Every suicide or murder is tragic. After 30 years as a cop I can remember every one; HELPING PEOPLE DEAL WITH GRIEF AT CHRISTMAS Ex-officer supports bereaved families.
Byline: | Craig McDonald
He spent 30 years chasing criminals and comforting their victims during his time as a police officer.
But the memory of one incident early in Jim MacDonald's career influenced his entire life.
As a rookie, he was shaken to the core when he saw a young man who had taken his own life.
Nothing could prepare Jim for the emotional journey on which he would embark after being haunted by what he saw that day on patrol.
Now he's using his experience in dealing with such tragedies to help people hit by grief following the suicide or murder of a loved one.
The 59-year-old works with FAMS - Families and Friends Against Murder and Suicide - whose other volunteers include a mum facing her first Christmas without her former partner and twins who lost their mother when they were infants.
Dad-of-two Jim, who went on to become a sergeant at Govan police station, said: "Back in 1980, I was sent to my first suicide.
"I was just a wee boy. We found the young man hanging by a railway line. I couldn't help ask why he had done it.
"There was a look of desolation on his face and it didn't leave me.
"When I retired six years ago, I felt I could perhaps use my experience to try to help. The issues relating to murder are better known although still very challenging and upsetting. There can be a stigma attached to suicide - and to those left behind."
FAMS will hold an open-to-all, non-denominational Christmas Gathering at Motherwell South Parish Church on Wednesday from 6.30pm to 9pm.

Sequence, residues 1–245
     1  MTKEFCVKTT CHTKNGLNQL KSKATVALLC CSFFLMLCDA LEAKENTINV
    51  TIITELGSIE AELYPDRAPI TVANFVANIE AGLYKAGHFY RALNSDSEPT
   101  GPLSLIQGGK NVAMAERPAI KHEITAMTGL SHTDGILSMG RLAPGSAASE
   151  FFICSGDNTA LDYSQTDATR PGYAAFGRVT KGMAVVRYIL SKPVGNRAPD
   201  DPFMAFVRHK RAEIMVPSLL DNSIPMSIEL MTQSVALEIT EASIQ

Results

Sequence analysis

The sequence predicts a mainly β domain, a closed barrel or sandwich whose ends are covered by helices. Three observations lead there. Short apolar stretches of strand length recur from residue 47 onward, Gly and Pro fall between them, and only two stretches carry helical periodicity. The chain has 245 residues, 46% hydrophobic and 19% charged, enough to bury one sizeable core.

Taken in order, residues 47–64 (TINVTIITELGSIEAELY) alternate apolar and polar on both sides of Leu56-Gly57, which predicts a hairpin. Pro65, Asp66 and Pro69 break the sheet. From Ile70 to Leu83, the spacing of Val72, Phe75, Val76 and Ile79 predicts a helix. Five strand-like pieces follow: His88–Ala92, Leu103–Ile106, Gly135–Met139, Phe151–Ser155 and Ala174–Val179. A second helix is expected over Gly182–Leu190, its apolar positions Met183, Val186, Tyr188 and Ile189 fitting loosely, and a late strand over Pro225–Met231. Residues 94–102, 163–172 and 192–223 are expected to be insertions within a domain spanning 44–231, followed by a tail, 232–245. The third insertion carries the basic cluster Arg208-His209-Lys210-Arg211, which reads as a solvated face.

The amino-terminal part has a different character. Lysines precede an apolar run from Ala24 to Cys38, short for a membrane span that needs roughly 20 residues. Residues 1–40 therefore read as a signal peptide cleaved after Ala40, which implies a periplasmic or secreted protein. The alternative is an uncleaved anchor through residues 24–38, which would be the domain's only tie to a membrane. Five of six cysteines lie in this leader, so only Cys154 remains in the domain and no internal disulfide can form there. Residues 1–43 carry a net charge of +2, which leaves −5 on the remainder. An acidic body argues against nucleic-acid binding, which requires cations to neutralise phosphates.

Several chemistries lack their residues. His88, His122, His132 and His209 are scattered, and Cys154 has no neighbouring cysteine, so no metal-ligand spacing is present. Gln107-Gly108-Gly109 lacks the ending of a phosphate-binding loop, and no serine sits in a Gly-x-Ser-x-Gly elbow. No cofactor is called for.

There were 728 suicides registered in Scotland last year, compared to 672 the year before, and 58 murders.
It's estimated at least 10 people can be directly impacted by each death - leading to about 8000 people being affected by traumatic grief in a year.
FAMS co-founder and volunteer Ann Marie Cocozza was sexually abused as a child, then suffered the devastating loss of a nephew who was murdered in 2004.
She said: "The numbers affected by traumatic grief are very high but people are not statistics.
"These are mothers, fathers, children, siblings, friends and colleagues facing the aftermath of such devastation - often in isolation.
"When someone you love takes their own life, or has their life taken, grief is compounded and is traumatic. The brain struggles to deal with it. Closure is difficult.
"Christmas can be difficult. We're here to help."
Fellow volunteer Claire Gaunt, 35, a mum of two from East Kilbride, said: "My ex-partner sadly took his life last December and this is my daughter Kayleigh's first Christmas without her dad. It's been a hard year but the group have been brilliant for us."
Twins Philip and Michael Muir, 27, of Hamilton, were just 18 months old when their mum Jacqueline took her life aged 29.
Michael said: "This group is a force for good and we try to intervene if people are struggling."
force for good Jim MacDonald. Above, Kayleigh and mum Claire
lending a hand Jim MacDonald is still helping people after quitting force